2. Main Styles of Traditional Chinese Kungfu

Developing for thousands of years with rich culture and skills, Chinese Kungfu is described to be an ancient towering tree, with styles of boxing being its luxuriant foliage. Hence, it is rare for one to master all of it due to its numerous and complicated styles. As below are the main streams of traditional Chinese martial art, all of which have a long history and have been being popular among Chinese for all the time.

a. Shaolin Kungfu

Birthplace: Shaolin Temple on Song Mountain, Henan Province.
Features: stressing on breath regulating, agile movement, exercising in both inflexibility and yielding.
Representative Martial Styles: Shaolin Five Boxings (Dragon Boxing, Tiger Boxing, Leopard Boxing, Snake Boxing and Crane Boxing), subdivided into decades of sub-classes including Xiaohong Boxing, Dahong Boxing, Laohong Boxing, Arhat Boxing, Shaoyang Boxing, Plum Blossom Boxing, etc.

Most widely known in China among all styles of Kungfu, Shaolin Kungfu is hailed as "the Tai Mountain among Chinese Kungfu", positioned as an excellent attack and defense skill as well as a crucial Chinese cultural Phenomenon.

A Buddhist story goes that Bodhidharma invented the Shaolin Kungfu during the ten years in which he faced the wall for a spiritual retreat. This makes Shaolin Kungfu of Buddhist ideas and cultural connotation from the beginning. However, another idea indicates that the birth of Shaolin Kungfu was to a great degree related to the protection of the Shaolin Buddhist Temple on Mt. Songshan of Henan province. That is, after the building of the temple in the 5th century, the monks practiced martial arts for protecting it, which unwittingly helped to bring about the booming development of Shaolin Kungfu with more and more martial skills from the outside world inserting into it.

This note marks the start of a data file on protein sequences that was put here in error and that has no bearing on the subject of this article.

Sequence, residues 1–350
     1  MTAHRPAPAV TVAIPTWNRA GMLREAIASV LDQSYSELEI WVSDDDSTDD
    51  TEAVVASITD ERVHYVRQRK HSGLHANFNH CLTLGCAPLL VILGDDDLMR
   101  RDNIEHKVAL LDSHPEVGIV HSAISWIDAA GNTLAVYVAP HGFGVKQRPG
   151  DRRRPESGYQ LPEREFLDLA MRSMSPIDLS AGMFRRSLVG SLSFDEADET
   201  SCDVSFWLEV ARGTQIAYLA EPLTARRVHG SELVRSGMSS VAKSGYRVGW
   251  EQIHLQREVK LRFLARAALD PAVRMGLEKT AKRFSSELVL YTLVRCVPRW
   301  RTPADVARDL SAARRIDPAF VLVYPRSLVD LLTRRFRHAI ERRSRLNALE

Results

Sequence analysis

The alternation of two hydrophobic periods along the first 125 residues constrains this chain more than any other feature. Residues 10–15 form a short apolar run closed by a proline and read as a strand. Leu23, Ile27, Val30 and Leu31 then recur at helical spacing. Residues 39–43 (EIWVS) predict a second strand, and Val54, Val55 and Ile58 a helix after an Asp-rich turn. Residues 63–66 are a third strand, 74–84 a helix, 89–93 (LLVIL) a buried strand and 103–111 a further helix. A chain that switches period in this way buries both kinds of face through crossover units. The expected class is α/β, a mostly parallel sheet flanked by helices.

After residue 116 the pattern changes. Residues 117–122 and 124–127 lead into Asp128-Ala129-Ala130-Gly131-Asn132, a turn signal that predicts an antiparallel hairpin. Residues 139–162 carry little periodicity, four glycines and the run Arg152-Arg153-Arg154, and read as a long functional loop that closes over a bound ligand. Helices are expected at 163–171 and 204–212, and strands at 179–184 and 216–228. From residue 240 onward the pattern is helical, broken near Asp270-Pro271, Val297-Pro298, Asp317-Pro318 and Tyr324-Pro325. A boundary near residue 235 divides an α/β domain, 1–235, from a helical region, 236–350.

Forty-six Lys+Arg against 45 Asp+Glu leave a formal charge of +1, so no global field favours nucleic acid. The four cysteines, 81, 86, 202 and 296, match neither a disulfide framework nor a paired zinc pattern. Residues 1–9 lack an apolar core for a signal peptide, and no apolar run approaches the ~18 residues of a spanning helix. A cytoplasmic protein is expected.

Among masses of Shaoling masters, " the eighteen arhats (Chinese pinyin: Shi Ba Luo Han)", the disciples of Sakyamuni, are most famous and unbeatable historical personages in Kungfu. Shouldering a solemn duty of protecting the Shaolin Temple from any inimical invasion and threat, they were also ready to help others for a just cause, for this reason they have been being highly respected by people especially the poor. Afterwards, "the eighteen arhats" became a special antonomasia granted eulogization until today.

The ancient Chinese philosophy believes that man is an integral part of nature, so movements that accord with body structure are considered to be the most logical and best ones. Based on the thought, Shaolin develops its Kungfu by emphasizing on "禅"(Chinese pinyin: Chan), which is a translation coming out of a Sanskrit Buddhist sutras "Tan Jing" and expresses the idea of "deep meditation without distracting thoughts". It is the idea of combining "禅" and "Kungfu" that makes Shaolin Kungfu distinctive from others.

According to the historical records of Shaolin Temple, the skills in Shaolin Kungfu totals 708, but only over 200 of which are passed on to today. Having developed for over 1000 years, it now can be split into Northern Shaolin Kungfu and Southern Shaolin Kungfu, which are adept in the uses of fist positions and kicks respectively.

b. Wudang Martial Art 

Birthplace: Wudang Mountain of Jun County, Hebei Province.
Features: conquering the moving with inaction, conquering the unyielding with yielding, conquering the quick with slowness, moving the body with qi.
Representative Martial Styles: Wuji Boxing, Sparrow Hawk Boxing, Monkey Prostrate Boxing, Liu Sui San Shou, Wudang Taiyi Wuxing Boxing, etc.